If you’ve been paying close attention you’ve noticed a small shift brands have been making over the past few years. Brands like Dove are leading the charge by bringing in real women instead of models to help promote their campaign for real beauty. Domino’s pizza has not only brought harsh consumer feedback of the brand to the forefront, they’re now making the imperfect shape of their new “artisan” pizzas a unique selling point. Food companies are removing food coloring and dyes from their products that serve a sole purpose of making the product more visually appealing and clear windows in packaging are giving consumers the message of “what you see is what you get.” Imperfection is clearly taking over.
Marketers and brands are getting their cues from generations embracing small batch, craft, organic and DIY products that have an inherently imperfect feel. They are embracing real life moments over picture-perfect events that overtook the generations before them. A desire for fewer material things and more experiences and memories in the bank is causing a different life appreciation and shifted standards. Mega brands that pump out product on a mass production line feel over-engineered and over-proceed to the Millennial audience.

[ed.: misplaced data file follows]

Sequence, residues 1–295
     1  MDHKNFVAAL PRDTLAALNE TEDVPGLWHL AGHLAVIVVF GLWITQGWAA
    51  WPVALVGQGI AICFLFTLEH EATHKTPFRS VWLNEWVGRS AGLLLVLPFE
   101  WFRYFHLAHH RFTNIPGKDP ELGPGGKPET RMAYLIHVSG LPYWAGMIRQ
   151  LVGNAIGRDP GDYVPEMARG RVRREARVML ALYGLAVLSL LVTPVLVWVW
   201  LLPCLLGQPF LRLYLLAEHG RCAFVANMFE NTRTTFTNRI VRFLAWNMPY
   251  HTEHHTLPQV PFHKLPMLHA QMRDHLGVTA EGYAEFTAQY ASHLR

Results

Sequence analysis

How far consumers are willing to go, though, is still the question. What this audience demands from their imperfections may take an even more over-engineered process to emulate. The right communication and messaging will need to position these imperfections and newly celebrated flaws as a cut above the rest.
Imperfections are the next chapter in the transparency movement brands must adhere to in order to connect with their consumers and establish trust and credibility. Just as the demand for real over fake and pronounceable ingredients over a laundry list of chemicals is higher each year, so will be the desire for full disclosure from brands. Honesty has become the new standard, whether actual honesty or simply perceived honesty.
With contributions by Jen Aldinger